Click the star to add/remove an item to/from your individual schedule.
You need to be logged in to avail of this functionality.

Accepted Paper:

Abortion and women's mental and bodily health: the language of trauma in the public debate on abortion in Italy  
Claudia Mattalucci (Università di Milano Bicocca)

Paper short abstract:

Based on field research conducted in Italy between 2009 and 2013, my presentation examines anti-abortion activists’ discourse about the risks that abortion involves for women. I argue that analysing the language of trauma provides a lens onto representations of gender, choice, women's health and rights.

Paper long abstract:

My presentation examines the emergence and spread of the highly contested idea that abortion causes a psychological disorder comparable to post-traumatic syndrome. Since appearing in English speaking countries in the 80s, the debate about Post Abortion Syndrome has spread through multiple national contexts, taking on various context-specific forms. Anti-abortion activists have used ideas about Post-Abortion Syndrome, and more widely about the repercussions the voluntary termination of pregnancy has on women's mental health, as a tool to contest the argument that a legal and safe abortion serves to protect women's health.

Based on field research conducted in northern Italy between 2009 and 2013, my presentation describes the spread of a discourse among Italian anti-abortion activists according to which abortion involves serious risks for women's mental health. The construction of abortion as a traumatic experience mobilizes multiple registers in which scientific arguments reflect moral positions and serve political agendas.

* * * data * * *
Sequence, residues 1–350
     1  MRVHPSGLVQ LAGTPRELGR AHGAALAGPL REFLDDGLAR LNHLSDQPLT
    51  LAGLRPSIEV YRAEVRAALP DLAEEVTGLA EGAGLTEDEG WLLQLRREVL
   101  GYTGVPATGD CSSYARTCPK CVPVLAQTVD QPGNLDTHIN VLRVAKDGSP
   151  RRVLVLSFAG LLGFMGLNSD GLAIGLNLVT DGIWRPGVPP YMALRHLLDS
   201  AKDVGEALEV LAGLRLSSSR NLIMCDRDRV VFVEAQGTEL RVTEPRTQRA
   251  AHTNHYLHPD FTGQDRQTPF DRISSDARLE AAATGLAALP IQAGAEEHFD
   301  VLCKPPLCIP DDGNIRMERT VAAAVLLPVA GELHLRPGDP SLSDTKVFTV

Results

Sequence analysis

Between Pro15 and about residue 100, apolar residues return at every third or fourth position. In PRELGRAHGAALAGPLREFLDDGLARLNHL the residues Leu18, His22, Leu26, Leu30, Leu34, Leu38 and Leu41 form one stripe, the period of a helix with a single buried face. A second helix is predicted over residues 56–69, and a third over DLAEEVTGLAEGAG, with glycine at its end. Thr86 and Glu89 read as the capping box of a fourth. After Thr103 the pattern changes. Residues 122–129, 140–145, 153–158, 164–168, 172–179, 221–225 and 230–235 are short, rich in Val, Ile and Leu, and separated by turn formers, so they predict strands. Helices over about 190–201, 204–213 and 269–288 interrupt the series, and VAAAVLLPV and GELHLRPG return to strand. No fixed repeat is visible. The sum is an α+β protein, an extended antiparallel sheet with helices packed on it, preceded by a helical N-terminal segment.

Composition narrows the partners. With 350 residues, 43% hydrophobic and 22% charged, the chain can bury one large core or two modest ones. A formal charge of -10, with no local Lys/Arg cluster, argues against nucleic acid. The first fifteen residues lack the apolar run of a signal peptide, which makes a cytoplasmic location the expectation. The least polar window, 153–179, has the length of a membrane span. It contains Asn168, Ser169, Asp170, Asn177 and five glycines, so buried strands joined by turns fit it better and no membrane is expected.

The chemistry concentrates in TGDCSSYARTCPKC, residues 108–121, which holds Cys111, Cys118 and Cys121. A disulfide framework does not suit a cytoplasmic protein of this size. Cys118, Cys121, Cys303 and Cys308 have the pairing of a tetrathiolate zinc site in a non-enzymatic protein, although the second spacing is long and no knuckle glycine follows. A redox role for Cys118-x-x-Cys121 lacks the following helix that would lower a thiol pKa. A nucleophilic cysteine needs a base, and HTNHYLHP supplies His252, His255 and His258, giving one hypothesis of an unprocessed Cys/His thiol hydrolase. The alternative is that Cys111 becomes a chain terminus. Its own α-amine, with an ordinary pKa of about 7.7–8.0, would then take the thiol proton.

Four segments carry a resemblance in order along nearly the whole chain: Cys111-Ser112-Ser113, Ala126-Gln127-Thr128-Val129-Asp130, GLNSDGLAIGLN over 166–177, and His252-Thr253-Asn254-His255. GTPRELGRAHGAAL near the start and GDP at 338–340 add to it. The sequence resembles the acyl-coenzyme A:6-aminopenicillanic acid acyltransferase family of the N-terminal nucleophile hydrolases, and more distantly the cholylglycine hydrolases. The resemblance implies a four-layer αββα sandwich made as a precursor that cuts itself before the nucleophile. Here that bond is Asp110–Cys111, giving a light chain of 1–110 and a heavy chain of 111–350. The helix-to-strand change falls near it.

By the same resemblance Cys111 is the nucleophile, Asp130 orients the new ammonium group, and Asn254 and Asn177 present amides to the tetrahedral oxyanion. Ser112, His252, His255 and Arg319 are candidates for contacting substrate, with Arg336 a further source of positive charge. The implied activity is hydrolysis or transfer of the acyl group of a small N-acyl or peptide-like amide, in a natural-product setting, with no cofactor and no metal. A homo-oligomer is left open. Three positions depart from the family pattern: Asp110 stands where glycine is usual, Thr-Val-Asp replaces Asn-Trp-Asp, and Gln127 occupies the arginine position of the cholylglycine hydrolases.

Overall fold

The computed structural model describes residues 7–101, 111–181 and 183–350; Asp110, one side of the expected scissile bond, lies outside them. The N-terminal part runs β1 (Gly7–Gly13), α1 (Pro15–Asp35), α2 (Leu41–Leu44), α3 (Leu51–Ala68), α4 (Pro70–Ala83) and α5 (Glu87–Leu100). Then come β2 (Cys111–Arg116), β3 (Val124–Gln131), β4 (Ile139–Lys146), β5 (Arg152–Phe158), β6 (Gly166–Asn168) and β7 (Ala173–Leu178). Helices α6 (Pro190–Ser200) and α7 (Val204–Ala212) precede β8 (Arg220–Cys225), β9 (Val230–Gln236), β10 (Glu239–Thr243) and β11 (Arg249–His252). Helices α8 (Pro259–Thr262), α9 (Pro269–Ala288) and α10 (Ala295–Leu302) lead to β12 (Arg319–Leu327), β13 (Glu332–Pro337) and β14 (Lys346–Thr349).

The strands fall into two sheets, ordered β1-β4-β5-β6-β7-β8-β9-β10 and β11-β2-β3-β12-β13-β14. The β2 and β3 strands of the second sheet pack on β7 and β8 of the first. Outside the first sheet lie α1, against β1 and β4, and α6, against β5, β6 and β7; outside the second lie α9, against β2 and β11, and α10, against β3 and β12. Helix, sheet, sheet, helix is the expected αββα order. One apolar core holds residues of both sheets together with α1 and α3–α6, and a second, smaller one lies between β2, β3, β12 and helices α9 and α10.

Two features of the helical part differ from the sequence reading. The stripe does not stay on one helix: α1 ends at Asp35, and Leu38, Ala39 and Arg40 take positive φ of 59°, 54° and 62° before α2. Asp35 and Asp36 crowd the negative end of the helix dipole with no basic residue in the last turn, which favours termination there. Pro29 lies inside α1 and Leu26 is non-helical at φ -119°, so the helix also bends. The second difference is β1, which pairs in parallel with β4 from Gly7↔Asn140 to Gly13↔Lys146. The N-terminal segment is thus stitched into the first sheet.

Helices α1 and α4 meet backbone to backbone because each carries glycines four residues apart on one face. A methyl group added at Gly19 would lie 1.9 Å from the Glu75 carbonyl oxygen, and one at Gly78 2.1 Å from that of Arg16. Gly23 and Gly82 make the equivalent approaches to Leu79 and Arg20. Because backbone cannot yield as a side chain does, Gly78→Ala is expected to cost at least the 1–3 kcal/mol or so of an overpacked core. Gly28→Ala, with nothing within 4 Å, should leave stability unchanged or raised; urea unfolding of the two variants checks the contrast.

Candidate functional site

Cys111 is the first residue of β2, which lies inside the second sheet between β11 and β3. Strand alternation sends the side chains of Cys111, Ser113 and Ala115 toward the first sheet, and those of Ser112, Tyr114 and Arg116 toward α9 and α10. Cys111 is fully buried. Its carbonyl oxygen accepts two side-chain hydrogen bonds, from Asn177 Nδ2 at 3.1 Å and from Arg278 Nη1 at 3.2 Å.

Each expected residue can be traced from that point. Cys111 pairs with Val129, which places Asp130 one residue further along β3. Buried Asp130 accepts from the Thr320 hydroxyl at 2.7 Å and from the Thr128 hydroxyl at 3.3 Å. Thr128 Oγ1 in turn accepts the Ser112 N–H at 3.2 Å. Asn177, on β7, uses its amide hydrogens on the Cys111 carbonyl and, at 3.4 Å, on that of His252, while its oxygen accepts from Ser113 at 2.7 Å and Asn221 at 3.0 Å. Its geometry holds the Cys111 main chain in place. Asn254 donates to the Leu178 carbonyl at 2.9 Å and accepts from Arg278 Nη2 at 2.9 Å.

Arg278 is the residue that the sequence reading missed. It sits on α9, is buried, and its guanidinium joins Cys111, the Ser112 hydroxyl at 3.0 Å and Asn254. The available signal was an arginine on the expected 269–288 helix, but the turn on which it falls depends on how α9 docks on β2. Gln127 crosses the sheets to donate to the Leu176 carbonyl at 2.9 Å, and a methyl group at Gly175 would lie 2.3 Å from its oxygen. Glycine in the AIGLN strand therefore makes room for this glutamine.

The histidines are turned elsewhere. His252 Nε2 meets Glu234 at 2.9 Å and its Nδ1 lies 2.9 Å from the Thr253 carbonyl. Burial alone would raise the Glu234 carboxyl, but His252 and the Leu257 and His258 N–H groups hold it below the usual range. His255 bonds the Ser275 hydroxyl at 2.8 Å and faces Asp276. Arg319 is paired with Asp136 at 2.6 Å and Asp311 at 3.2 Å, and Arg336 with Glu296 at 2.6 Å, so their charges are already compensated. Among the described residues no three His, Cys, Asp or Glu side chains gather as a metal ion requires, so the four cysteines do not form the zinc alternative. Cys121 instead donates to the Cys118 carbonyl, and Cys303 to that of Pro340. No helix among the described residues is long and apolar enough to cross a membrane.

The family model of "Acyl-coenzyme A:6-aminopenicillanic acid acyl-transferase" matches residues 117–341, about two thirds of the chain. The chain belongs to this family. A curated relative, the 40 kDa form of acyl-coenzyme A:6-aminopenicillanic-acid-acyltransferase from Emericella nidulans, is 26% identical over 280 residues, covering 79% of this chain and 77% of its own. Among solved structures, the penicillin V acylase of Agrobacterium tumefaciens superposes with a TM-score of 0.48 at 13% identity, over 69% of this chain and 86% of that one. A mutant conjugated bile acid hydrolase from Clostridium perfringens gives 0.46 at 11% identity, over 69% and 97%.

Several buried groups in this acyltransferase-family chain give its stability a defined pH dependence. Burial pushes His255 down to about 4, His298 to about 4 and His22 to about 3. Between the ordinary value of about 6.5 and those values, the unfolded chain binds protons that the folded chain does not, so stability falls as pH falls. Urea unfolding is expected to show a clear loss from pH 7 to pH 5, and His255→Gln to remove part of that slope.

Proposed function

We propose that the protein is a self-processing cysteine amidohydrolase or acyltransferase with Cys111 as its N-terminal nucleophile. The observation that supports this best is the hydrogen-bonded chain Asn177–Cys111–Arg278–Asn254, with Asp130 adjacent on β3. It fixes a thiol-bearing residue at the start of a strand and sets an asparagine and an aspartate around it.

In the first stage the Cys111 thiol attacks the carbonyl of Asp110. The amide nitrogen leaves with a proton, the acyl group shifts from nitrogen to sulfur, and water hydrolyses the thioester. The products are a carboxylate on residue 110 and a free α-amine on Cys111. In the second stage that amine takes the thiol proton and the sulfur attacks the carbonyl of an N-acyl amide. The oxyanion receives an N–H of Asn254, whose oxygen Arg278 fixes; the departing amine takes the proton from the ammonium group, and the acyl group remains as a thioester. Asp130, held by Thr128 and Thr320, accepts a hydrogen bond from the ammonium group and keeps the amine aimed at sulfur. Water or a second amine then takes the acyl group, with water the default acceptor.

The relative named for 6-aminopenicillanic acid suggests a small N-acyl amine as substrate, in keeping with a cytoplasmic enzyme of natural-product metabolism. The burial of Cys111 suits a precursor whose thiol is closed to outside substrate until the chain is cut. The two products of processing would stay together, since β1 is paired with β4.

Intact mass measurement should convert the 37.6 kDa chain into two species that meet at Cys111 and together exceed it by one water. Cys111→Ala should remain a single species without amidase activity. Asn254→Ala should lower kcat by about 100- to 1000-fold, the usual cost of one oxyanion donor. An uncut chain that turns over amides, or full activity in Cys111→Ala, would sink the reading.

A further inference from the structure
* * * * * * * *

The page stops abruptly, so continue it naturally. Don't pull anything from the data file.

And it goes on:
During the '70s, when abortion in Italy was still illegal and unsafe, feminist activists likewise described abortion as a traumatic experience that threatened women's bodies and lives. Comparing their arguments to those of contemporary anti-abortion activists, I argue that the language on trauma provides a lens onto different historically and ideologically situated ideas about gender, choice, women's health, and rights.

Panel P019
Emerging contestations of abortion rights: new hierarchies, political strategies, and discourses at the intersection of rights, health and law
  Session 1